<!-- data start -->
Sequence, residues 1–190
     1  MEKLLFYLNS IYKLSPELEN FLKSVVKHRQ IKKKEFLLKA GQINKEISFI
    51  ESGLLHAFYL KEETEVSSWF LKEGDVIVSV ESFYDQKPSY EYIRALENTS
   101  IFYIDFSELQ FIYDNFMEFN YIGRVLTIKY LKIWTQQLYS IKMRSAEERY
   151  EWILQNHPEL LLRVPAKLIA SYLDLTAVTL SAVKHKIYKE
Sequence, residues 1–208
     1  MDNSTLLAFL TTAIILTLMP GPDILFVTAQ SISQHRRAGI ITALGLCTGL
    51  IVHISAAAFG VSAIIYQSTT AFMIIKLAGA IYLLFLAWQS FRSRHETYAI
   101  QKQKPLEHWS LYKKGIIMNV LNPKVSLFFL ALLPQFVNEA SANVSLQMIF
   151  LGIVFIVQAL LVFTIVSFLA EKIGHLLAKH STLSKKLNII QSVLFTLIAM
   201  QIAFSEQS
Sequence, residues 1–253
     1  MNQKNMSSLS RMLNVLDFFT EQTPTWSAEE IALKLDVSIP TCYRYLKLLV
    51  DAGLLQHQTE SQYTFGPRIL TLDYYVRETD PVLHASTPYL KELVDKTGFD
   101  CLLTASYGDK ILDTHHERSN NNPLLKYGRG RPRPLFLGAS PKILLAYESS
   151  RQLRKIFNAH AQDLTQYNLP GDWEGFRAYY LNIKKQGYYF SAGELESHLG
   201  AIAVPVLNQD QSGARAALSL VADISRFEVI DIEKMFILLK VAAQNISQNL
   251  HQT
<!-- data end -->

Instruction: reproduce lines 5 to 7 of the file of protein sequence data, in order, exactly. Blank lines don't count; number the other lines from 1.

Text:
   151  EWILQNHPEL LLRVPAKLIA SYLDLTAVTL SAVKHKIYKE
Sequence, residues 1–208
     1  MDNSTLLAFL TTAIILTLMP GPDILFVTAQ SISQHRRAGI ITALGLCTGL